Living in a state of constant gratitude can have a profound impact on a person’s emotions, state of mind, and overall outlook on life. Gratitude is an emotion characterized by thankfulness and appreciation of what one has or what one has experienced. In order to feel grateful, a person must acknowledge the blessings that they have in life, which can be a beneficial aspect in pointing individuals in recovery in the right direction.
During times of turmoil and distress, it is easy to become consumed by the struggles you may face in sobriety. Between making amends for past mistakes, dealing with medical issues, facing the consequences of addiction, and possibly experiencing the loss of a loved one, it can be difficult to ruminate on the positive things in life. However, taking a moment during difficult times to identify your blessings and gratitude can help you endure any struggles you may face in sobriety. For more information on drug and alcohol addiction and treatment you can visit https://www.addictions.com/drug-alcohol-addiction/.
The Importance of Gratitude
Maintaining a gracious heart and soul in sobriety is an extremely important aspect of recovery. First and foremost, gratitude helps remind oneself of the positive things in life rather than becoming enveloped in the negatives. When facing great tribulation, try focusing on the friends and family you have who are there to love and support you. Focus on the little things in life that make you happy, whether it be sports, art, nature, or something as simple as laughter. Maintaining gratitude can transform struggles and difficult things into opportunities for strength and growth.
Gratitude is a key to happiness. A person who focuses on the negatives, or the things they don’t have, is bound to live an unsatisfied, unfulfilled life. However, a person who is grateful will have a more positive outlook on life as a whole. Having a negative outlook on life can make you more susceptible to relapse and misery, however, being grateful can help you attain happiness and stay sober.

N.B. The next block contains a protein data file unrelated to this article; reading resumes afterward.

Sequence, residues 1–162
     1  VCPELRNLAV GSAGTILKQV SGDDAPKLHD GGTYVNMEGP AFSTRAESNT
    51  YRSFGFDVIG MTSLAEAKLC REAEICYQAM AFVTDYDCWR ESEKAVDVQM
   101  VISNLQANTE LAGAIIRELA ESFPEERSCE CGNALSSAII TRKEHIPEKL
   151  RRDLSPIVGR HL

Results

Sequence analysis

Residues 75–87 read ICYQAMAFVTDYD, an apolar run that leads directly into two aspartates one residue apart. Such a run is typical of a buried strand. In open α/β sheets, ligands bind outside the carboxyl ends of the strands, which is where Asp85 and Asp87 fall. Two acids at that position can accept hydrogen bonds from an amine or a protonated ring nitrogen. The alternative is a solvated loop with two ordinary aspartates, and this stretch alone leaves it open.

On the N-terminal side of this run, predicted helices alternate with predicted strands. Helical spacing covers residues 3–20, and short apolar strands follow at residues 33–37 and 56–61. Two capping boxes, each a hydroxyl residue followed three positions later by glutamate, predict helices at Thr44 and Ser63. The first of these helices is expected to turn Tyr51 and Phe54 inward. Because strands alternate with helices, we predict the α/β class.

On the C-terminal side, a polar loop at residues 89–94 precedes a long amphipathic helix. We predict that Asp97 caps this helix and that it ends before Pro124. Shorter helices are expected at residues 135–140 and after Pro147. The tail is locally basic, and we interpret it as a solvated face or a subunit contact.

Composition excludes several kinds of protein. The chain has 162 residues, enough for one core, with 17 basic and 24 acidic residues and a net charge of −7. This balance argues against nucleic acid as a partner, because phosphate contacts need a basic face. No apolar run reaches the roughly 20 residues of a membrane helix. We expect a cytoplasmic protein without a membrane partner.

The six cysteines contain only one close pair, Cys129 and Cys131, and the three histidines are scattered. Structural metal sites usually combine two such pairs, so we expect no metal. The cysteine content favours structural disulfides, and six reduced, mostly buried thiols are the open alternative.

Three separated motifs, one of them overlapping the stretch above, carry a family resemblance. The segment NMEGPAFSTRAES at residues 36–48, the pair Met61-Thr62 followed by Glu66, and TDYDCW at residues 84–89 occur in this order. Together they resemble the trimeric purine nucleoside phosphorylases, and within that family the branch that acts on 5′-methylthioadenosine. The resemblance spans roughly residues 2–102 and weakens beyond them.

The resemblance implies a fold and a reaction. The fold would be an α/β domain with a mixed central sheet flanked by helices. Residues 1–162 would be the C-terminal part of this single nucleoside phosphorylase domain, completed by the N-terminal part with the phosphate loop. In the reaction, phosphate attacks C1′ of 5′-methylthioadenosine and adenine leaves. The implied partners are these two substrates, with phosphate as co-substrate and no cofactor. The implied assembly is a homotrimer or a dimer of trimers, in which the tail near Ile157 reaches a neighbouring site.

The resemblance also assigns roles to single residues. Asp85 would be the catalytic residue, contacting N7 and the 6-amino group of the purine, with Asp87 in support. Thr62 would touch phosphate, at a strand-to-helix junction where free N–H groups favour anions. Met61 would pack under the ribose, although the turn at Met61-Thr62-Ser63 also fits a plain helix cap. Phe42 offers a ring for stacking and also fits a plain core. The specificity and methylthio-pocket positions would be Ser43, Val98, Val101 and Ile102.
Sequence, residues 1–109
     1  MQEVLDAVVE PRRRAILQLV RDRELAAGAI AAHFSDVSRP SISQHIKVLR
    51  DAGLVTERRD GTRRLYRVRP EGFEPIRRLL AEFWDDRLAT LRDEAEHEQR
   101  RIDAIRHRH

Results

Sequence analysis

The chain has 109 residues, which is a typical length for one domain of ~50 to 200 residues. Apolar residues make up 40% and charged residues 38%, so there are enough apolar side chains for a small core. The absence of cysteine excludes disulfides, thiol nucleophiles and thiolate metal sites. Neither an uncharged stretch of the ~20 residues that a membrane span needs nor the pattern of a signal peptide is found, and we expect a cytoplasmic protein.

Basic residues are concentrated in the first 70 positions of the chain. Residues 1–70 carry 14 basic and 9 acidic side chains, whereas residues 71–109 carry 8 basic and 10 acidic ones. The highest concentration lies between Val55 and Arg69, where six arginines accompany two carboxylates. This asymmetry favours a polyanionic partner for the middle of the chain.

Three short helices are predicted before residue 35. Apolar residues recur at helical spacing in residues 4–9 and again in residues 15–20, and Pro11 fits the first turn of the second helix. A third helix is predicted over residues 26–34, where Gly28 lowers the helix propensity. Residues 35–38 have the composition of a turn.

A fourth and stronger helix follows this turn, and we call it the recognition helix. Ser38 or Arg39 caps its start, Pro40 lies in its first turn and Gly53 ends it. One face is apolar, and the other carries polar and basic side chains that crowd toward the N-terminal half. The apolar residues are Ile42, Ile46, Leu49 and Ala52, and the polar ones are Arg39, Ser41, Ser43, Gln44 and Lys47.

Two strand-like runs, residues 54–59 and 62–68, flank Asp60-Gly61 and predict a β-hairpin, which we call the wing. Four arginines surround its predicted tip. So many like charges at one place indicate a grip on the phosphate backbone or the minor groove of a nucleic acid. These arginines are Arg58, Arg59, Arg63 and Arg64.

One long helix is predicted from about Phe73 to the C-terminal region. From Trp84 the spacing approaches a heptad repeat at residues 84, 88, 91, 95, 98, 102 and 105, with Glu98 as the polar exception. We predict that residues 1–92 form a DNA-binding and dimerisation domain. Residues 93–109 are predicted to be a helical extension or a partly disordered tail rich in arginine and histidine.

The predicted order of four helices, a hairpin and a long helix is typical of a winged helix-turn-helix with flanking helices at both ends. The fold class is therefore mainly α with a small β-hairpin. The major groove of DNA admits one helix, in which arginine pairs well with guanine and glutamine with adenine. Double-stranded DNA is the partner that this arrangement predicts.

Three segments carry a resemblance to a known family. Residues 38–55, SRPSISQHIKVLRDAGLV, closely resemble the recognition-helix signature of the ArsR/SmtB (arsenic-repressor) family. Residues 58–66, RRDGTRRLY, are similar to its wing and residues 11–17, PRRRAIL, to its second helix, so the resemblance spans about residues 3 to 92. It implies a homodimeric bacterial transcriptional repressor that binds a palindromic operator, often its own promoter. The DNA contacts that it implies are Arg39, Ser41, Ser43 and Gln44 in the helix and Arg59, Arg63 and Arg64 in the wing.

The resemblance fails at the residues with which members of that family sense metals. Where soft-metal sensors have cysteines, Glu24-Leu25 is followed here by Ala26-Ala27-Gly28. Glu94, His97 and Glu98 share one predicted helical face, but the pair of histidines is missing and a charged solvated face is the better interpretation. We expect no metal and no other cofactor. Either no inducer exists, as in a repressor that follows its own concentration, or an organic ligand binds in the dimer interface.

Fostering a Grateful Heart
Gratitude is more than just a feeling – it involves action. When you are sad, sitting in a dark room alone doesn’t change the way you feel. It only makes it worse. On the other hand, if you reach out to your support group, talk about your feelings, and cope with your emotions in healthy ways, you have taken action to change the way you feel. Gratitude works in the same way.
Keep a Gratitude Journal
There is a variety of ways you can foster a grateful heart in sobriety through your actions. One method is by keeping a gratitude journal. Try keeping a small journal by your bedside table. Each night before going to sleep, make a list of things you are grateful for. These can be small tidbits or grandiose gestures – there is no right or wrong way to make a gratitude list. The next morning when you wake up, begin your day on a positive note by reading over your gratitude list from the night before. This will help remind you of your blessings and start your day off with a positive mindset.
Another effective way of demonstrating action behind gratitude is by giving thanks. When somebody does something nice for you, be sure to thank them and express how much that person means to you. Regardless of how small a gesture may seem, showing appreciation and giving thanks clearly demonstrates your gratitude towards even the smallest situations in life.
On the contrary, give thanks to troublesome situations as well. Situations are not always what they appear to be and you never know what benefits may come from a negative situation. If you are a spiritual person, remind yourself that God puts you in the exact place you need to be during each moment of every day. Give thanks for the experience you have encountered, and wait to see what you can learn from it.
Helping others is not only the foundation stone of recovery, but it is also a way to show appreciation for the sober life you have been given. Think of when you first embarked on your journey of recovery. Remember all of the people that helped you, requiring nothing in return. Maybe a stranger sat and talked with you over a cup of coffee, or maybe somebody gave you advice on a situation you were experiencing. Showing gratitude for the people who have helped you can be done by passing these gestures along to the next sick and suffering alcoholic or addict. Whether helping others is done directly or indirectly, it is bound to promote a sense of self-worth and purpose. Helping others gives you an opportunity to find gratitude in your purpose and in the fact that you have something to give to others.
A Grateful Recovery
Living in a constant state of gratitude in sobriety can provide you with a path to happiness, help you avoid becoming enveloped in negative thinking, and help you maintain sobriety in the long term. Having and practicing gratitude will help you stay connected to your emotions, your support group, and your own personal recovery.
Cassidy Webb is an avid writer who works with JourneyPure to spread awareness around the disease of addiction. Her passion in life is to help others by sharing her experience, strength, and hope.